Minimizing Your Skin Cancer Risk
Enjoy the season, but beware the sun.
Summer is here. Planning to hit the beach or lake? Maybe you prefer to hike, bike, golf or garden. The sunny, warm season in New Hampshire is brief but glorious, offering an abundance of recreational pursuits. Enjoy it while you can. Just don’t forget the sunscreen.
Ah, yes, the dreaded “s” word that’s been known to send young children into hiding. Adults are not necessarily fans, either. It’s messy, it’s expensive, and it takes time to apply. But sunscreen should be as integral to summer as shorts and flip flops. In fact, sunscreen should be a part of your life every day, year round, because even though it’s not fun to deal with while frolicking in the tropics or preparing to schuss down a white-blanketed slope up north, skipping sunscreen increases your risk of developing skin cancer—the most common form of cancer in the United States, which strikes more than two million people annually, according to The Skin Cancer Foundation.
There are various types of skin cancer. Basal cell is the most frequently diagnosed and least aggressive form of skin cancer, followed by squamous cell, which has the potential to metastasize or spread throughout the body. Melanoma is the least common form of skin cancer but the most dangerous. Skin cancer is treatable if recognized and treated early.
Keep skin healthy
In addition to using sunscreen, a sure-fire way to minimize your risk of skin cancer is to steer clear of tanning beds. Although tans fade, the hazardous effects of tanning beds’ deeply penetrating UVA light last forever. In fact, “occasional use of tanning beds increases one’s risk of melanoma by 50 to 75 percent over the course of a lifetime,” says Robert Gordon, MD, a dermatologist at Merrimack Medical Center and Southern NH Medical Center.
So, if you’re thinking about getting some base color — with or without the aid of a tanning bed — before heading off to Aruba or some other tropical locale, don’t do it, experts say. Except for rare cases in which patients’ sun tolerance is so low that they are likely to break out in a rash or end up with sun poisoning upon hitting the beach, developing a base tan for protective purposes is a bad idea, says Robert J. Willer, MD, a dermatologist at Dartmouth-Hitchcock Manchester. And even in those low-tolerance cases, a base tan will not provide protection against skin cancer, he notes.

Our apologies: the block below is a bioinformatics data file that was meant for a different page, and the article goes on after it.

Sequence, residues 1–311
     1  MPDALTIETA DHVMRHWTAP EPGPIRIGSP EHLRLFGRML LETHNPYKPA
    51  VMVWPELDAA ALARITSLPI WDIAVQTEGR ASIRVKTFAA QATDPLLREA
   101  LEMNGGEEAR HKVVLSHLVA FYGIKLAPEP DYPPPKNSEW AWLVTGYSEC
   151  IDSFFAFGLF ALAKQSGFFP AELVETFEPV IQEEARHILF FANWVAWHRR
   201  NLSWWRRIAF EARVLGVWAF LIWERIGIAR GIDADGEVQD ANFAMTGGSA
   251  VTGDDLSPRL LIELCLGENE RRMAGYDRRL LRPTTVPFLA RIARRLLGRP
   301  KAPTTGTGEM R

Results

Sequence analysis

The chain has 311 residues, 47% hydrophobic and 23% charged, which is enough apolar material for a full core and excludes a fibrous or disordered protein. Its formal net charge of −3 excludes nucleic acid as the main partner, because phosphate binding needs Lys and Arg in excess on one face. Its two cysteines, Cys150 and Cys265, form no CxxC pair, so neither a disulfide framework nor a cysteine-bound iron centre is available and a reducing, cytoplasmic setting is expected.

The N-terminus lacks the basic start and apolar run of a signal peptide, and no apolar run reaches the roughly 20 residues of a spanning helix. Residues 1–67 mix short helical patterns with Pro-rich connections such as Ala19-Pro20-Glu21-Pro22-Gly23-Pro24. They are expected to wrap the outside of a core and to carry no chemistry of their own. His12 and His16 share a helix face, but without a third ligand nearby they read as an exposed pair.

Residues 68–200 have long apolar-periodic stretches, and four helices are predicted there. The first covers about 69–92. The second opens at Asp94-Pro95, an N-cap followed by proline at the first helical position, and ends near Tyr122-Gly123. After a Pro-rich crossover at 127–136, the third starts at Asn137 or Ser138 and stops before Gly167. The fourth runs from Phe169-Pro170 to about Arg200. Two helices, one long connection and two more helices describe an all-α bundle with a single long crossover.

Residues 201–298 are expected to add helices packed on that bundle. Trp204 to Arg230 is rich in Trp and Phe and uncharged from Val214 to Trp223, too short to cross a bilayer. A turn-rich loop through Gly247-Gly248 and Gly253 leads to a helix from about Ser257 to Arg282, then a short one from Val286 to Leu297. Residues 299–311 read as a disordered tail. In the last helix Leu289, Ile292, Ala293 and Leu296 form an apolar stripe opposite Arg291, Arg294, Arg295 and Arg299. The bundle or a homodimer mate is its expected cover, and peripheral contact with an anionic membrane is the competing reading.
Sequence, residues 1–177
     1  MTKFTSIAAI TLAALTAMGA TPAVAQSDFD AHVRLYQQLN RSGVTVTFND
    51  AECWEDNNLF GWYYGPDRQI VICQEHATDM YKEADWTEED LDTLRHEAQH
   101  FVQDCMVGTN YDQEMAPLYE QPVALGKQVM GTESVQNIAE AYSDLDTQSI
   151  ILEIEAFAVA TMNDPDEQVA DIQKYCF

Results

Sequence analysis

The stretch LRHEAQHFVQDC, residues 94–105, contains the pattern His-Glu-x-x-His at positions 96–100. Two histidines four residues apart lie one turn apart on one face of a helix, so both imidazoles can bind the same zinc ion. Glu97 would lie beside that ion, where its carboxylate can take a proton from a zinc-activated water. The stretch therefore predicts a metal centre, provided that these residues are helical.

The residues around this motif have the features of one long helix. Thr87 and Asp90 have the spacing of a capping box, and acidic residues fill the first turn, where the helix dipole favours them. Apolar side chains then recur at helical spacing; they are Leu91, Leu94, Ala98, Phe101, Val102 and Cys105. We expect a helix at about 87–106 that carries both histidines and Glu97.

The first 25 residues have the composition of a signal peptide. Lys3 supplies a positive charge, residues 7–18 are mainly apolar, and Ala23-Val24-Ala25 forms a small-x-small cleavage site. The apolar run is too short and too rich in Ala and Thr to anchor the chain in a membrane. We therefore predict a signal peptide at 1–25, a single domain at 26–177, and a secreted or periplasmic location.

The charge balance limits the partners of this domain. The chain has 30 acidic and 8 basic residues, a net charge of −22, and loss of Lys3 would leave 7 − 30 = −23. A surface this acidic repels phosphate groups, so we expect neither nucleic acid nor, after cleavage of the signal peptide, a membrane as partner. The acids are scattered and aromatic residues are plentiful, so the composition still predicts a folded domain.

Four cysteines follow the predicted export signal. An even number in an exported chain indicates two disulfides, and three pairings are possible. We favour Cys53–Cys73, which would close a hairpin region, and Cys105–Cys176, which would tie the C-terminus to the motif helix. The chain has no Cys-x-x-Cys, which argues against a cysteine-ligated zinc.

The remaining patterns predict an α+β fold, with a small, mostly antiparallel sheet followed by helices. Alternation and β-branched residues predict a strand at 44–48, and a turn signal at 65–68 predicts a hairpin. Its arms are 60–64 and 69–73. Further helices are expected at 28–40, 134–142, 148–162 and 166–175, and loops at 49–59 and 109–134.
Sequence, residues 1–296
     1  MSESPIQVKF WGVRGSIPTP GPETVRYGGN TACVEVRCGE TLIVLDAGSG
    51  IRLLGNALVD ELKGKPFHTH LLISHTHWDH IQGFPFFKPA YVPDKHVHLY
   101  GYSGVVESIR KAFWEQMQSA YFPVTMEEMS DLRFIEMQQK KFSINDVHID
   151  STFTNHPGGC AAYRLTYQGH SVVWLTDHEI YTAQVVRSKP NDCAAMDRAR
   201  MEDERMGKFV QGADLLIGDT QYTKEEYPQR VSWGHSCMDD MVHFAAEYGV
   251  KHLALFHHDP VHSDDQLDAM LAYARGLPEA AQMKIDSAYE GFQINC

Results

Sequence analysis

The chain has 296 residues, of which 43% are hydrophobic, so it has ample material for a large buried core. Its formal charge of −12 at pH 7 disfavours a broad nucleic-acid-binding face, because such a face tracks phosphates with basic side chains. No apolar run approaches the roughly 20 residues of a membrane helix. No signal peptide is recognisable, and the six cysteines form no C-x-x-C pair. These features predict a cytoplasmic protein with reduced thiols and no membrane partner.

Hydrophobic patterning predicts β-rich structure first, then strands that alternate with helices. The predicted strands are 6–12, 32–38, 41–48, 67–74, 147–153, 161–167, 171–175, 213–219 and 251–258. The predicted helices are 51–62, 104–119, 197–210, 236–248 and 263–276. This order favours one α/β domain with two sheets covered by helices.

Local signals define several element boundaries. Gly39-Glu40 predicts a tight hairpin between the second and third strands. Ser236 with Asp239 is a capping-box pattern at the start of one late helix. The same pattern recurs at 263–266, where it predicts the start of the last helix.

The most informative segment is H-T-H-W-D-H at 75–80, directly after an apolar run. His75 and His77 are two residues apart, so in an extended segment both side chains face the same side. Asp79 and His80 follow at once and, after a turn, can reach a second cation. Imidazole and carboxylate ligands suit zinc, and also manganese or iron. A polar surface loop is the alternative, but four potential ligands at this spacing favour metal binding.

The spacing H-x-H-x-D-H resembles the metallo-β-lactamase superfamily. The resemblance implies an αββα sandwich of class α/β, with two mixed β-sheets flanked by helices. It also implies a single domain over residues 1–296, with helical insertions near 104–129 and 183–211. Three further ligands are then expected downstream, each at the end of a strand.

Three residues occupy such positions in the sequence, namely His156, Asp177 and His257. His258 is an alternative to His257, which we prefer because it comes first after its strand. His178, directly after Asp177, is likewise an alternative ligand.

But it’s a popular misconception. “People think, ‘I’ll get a base, then I won’t burn. That way I can get a healthy tan,’” says Gordon. “But if you have a great tan — let’s say you get really dark—that gives you a sun protection factor of four, which is totally inadequate.” Besides, he says, “There’s no such thing as a healthy tan. It’s an oxymoron.” His advice? “Go on vacation and have a great time, but use decent sunblock and don’t go with the goal of getting a tan.”
Also keep in mind that not all sunscreens are created equal. For routine use, most of us should use a sunscreen that offers a sun protection factor, or SPF, of 45. Don’t bother with anything below a 30, Willer says. A higher SPF might be warranted under some conditions, such as for sun-intensive outings on the golf course or beach or for everyday use by individuals who have a history of melanoma.
We will all have to rethink our sunscreen strategy once impending FDA rules regarding sunscreen labeling are implemented, but in the meantime pay attention to the SPF you choose, and be sure to buy a “broad spectrum” product for protection against UVA as well as UVB rays since both can cause cancer, Willer says. And when you apply sunscreen, don’t be stingy. It takes one to one-and-a-half ounces to properly cover the whole body, he says, “so one bottle of sunscreen would be used up in one day for a family of four if they’re out in the sun very long.” Use it daily, even if it’s cloudy. “UVA light goes through clouds and window glass and is around in the winter as well as in the summer, so if you want coverage, you should use it every day,” Willer says.
For the naysayers
Some individuals argue against vigorous sun protection, pointing to vitamin D deficiency in much of the population and questioning the safety of the chemicals contained in sunscreen. It’s true that while you’re loading up on sunscreen at the store, you might want to grab some vitamin D supplements since individuals who live in New England and have limited sun exposure are often deficient in vitamin D. But using the sun to get vitamin D — the sun does stimulate vitamin D production in people — is playing with fire. Stick with supplements instead, Willer says, and try to include vitamin D-rich food in your diet.
As for sunscreen safety, whether chemicals found in sunscreens are harmful is “highly disputed and debated,” Willer says, but the idea “has been pretty much debunked.” Those who remain skeptical can buy sunblock that contains titanium dioxide and zinc oxide to provide a layer of curtain-like protection that will not be absorbed into the skin, he says, or they can opt for sun-protective clothing with built-in SPF as long as remaining exposed patches of skin are shielded one way or another from the sun’s rays.
Check Yourself Out
People with fair skin are at increased risk of skin cancer, but individuals of any race or skin color can get it, says Robert J. Willer, MD, a dermatologist at Dartmouth-Hitchcock Manchester.
Perform a monthly skin check to catch any skin abnormalities early, and enlist help with hard-to-view areas such as the back. Be sure to examine every area that has ever been exposed to the sun or to tanning bed rays. If you spot anything suspicious, don’t delay in making an appointment with your doctor or a dermatologist, Willer says.
You should watch for moles or pigmented spots that are:
- Bigger than a pencil eraser
- Different from other spots
- Of varied shades or evolving in size, shape or color
According to The American Academy of Dermatology.Edit Module